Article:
How can I make Money Growing Plants?
Before you begin, check out your market and do your math. What is there a demand for in your area? How much space have you got? Is there sufficient water?
If your space is limited, you need to go for something with high value to make the project worthwhile. If you've got lots of space, you can make up for the lower price of your plants or harvest by producing plenty.
Vegetables and herbs:
The most profitable solution for the small grower who wants to produce vegetables and herbs is to sell directly to the end user.
One way is to start a club within the neighbourhood members get a box of vegetables at a certain price. Their advantage is that they pay less than they would at retailers, and yours is that you get more for your produce than you would at wholesale markets.
You can also approach restaurants in your area and find out if they have difficulty obtaining certain items at a good price.
Give your produce a competitive edge: freshness, price and organic growing are all good selling points.
If you've got the space to produce in bulk and you'd prefer to let someone else do retail selling, find out where your local fresh-produce wholesale market is.
You can even try pitching at chain-stores with special products like baby vegetables or fresh herbs. Alternatively, find out if there are specialized packing houses that distribute vegetables to chain stores and find out if they have a demand for something you can grow.
There are several markets to investigate here: go out and do your homework before you begin.
Wholesale nurseries: find out if there are any products you can supply. Wholesalers are often approached for large volumes of very easy to grow plants that can be transplanted from the field. Demand is unpredictable and sporadic, but this option is very low maintenance. Wholesalers may also be interested in young plants (rooted cuttings or seedlings). Find out if they have any gaps in supply.
Best of all, wholesalers are often interested in seed of shrubs, bulbs and trees. If you can amass a list of wholesale nurseries interested in seeds, you can start a mail order business. Wholesale seed is usually priced by the thousand, but you will be amazed how quickly you can find a thousand seeds. Read up on how to clean and store seed before you begin.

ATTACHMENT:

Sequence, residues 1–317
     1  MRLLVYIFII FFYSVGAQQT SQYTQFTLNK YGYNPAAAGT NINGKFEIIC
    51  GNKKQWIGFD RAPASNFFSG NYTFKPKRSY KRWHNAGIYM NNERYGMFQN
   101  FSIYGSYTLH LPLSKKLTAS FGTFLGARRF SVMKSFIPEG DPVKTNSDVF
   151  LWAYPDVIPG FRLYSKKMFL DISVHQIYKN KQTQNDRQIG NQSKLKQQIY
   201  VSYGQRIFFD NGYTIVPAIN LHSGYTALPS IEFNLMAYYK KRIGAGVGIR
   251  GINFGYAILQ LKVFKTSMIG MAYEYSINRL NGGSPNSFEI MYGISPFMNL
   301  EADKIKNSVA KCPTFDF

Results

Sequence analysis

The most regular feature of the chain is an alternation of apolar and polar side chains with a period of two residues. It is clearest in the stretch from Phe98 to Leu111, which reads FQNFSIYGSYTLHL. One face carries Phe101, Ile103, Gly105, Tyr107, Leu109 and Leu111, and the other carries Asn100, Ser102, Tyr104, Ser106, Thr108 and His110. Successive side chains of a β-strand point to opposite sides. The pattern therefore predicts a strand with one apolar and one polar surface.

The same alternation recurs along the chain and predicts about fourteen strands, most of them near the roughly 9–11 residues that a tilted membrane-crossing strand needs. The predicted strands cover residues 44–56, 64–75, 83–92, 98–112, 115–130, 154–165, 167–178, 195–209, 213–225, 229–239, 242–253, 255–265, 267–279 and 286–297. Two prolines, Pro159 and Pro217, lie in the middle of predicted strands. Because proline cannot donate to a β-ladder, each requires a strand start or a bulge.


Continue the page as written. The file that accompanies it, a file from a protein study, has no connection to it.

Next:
Landscapers: Find out which landscapers in your area take on big projects such as malls and hotels . Landscapers usually have a fairly basic palette of easy to grow plants that they require in bulk from time to time. Find out what they need and what their price expectations are. Sound them out about upcoming projects.
Supplying Retailers: Retailers are very feisty clients, quality is all-important to them and flowering plants must be in full bloom. You really have to know what you're doing before you try this option, but if you're really good at even one thing (e.g. growing Azaleas) you're in with a chance.
Selling direct to the Public: Unless you have the capital and the correct location and market to start a retail nursery, this option is likely to produce supplementary income only.
To maximize your sales and profits to earn more money, be sure that you know how to grow plants to perfection. The public usually buys ornamental plants in flower, so make sure you have plenty of colourful items. Seedlings in six or twelve packs are often popular, but be careful not to overproduce or you end up dumping them!
High value, specialized plants: If you're a whizz kid at growing special plants like orchids or bonsai, you can make yourself a niche among enthusiasts and seekers after novelty. Growing such plants is usually a longer-term project, but the price you can command makes up for that. Check out demand and competition before you begin! and you should be able to make money quite easily.
You can do it!
If you do your homework and keep an open mind before you begin, you will succeed. Growing plants probably won't make you rich unless you find something revolutionary, but you can get good income from it if you plan properly.
Written by : Andrea Durrheim, South Africa
Edited by: Rajesh Bihani ( Find me on Google+ )